When the Divine Fragrance is Everywhere

By Elsa Tamez

© Barbara Robra

14 For he is our peace; in his flesh he has made both groups into one and has broken down the dividing wall, that is, the hostility between us. 15 He has abolished the law with its commandments and ordinances, that he might create in himself one new humanity in place of the two, thus making peace, 16 and might reconcile both groups to God in one body through the cross, thus putting to death that hostility through it. 17 So he came and proclaimed peace to you who were far off and peace to those who were near; 18 for through him both of us have access in one Spirit to the Father. 19 So then you are no longer strangers and aliens, but you are citizens with the saints and also members of the household of God, 20 built upon the foundation of the apostles and prophets, with Christ Jesus himself as the cornerstone. 21 In him the whole structure is joined together and grows into a holy temple in the Lord; 22 in whom you also are built together spiritually into a dwelling place for God.

(Ephesians 2:14-22)

Smell is one of our five senses. Like the other senses we humans have, it involves our minds, our bodies and our emotions. When you smell something, you discover something. At the same time, you feel something. On the one hand, you perceive with your mind what it is that you are smelling. On the other hand, as the smell enters your body through your nose, there arise feelings of pleasure and delight or of disgust and revulsion. When you smell something, it can lead you to take action – to run away or to look for it – or simply to be grateful that you are alive. If you smell something unpleasant, you move away or attempt to remove its source. If it is your sister who is smelly, it moves you to weep and hug her, and you put up with the bad smell! And, if you smell something that is highly pleasing, then you go towards it and all your senses become alert. You want to see what is giving off the smell and enjoy it. You want to touch it. In other words, we feel that we are alive and we thank God for it.

This happens with everyday things, like freshly baked bread or a perfume. But, when we feel the fragrance of God everywhere, that is something much deeper and mysterious. It is an experience of transcendence in the whole cosmos, from the smallest particle to the most imposing; in all earthly bodies, also in heavenly bodies, like the stars, and even in the Church of Christ, which is Christ’s heavenly and earthly body. Experiencing transcendence in our world is experiencing that God is everywhere, as it were, giving off a very particular smell. In fact God can give off a disagreeable odour. Our present-day world often gives off this divine stench – in war, torture, rape, child abuse, joblessness and polluted rivers – which shows that the crucified God dwells there in solidarity. That despicable stench warns us that transcendence, the divine glory reflected in God’s creatures, has not been respected. But that is not the sort of smell that we want to smell.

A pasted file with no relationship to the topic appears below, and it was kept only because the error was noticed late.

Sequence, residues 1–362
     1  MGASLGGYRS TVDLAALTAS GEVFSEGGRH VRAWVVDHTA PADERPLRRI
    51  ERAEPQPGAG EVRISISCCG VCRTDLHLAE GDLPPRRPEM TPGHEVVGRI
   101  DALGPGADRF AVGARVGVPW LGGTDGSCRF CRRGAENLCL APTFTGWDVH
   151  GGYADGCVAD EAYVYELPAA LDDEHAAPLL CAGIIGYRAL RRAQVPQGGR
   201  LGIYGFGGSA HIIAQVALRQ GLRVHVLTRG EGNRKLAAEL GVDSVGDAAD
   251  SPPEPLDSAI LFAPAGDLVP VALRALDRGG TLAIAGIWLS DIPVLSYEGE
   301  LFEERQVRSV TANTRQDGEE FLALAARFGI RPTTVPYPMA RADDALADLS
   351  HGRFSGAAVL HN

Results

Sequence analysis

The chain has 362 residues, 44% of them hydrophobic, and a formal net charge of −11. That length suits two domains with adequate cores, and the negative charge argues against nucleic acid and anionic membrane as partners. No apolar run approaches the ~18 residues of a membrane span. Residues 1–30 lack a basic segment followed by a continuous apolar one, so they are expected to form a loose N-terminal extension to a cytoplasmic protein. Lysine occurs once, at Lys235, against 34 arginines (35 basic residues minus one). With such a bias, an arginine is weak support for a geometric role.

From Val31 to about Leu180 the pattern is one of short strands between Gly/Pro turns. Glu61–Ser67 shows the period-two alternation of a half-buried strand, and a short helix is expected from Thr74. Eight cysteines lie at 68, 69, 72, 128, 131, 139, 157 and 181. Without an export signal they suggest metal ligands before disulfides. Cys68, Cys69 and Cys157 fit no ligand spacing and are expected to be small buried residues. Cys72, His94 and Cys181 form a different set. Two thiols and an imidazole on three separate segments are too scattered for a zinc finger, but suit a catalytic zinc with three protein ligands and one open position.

I like to think of peace in our world and in our homes as the petals of a flower giving off a divine fragrance. It is a fragrance that leads us to discern God’s presence in all things, whether created by God or by humans. That could be the end of all human violence against other humans and against nature because, just as I cannot catch and hold in my hands that fragrance and keep it as my own possession, so I cannot dominate other human beings or whole peoples. They have a divine fragrance that restrains me. It is a fragrance of peace and reconciliation because we respect that divine fragrance in others.

The letter to the Ephesians suggests that the whole cosmos is God’s dwelling, a holy temple, like a well-constructed building with sound foundations. It calls it “Church” but, because that word has nowadays taken on a narrow meaning, I would call it “the cosmic community” in which there is room for a diversity of spiritualities. In this community, everyone and everything is alive “in Christ”, which is a deep recurring image in Ephesians. That is a way of saying that everyone and everything is breathing in God and is taking in the divine fragrance, because we live within that divine atmosphere. For Christians, Jesus Christ is “God with us”, the human face of transcendence. According to Ephesians 2:20, the human face of God is the cornerstone of this dwelling of God. This cornerstone in the building of the cosmic community is a constant reminder that he himself is peace, makes peace and proclaims it as good news (Eph. 2:14,15,17). He has the authority to do so, because in his own flesh he has experienced violence, torture and betrayal, in undergoing crucifixion under the Pax Romana -a type of military peace that believes that it is by killing bad people that peace will be achieved. Military peace is a peace without justice, a peace where people do not embrace one another.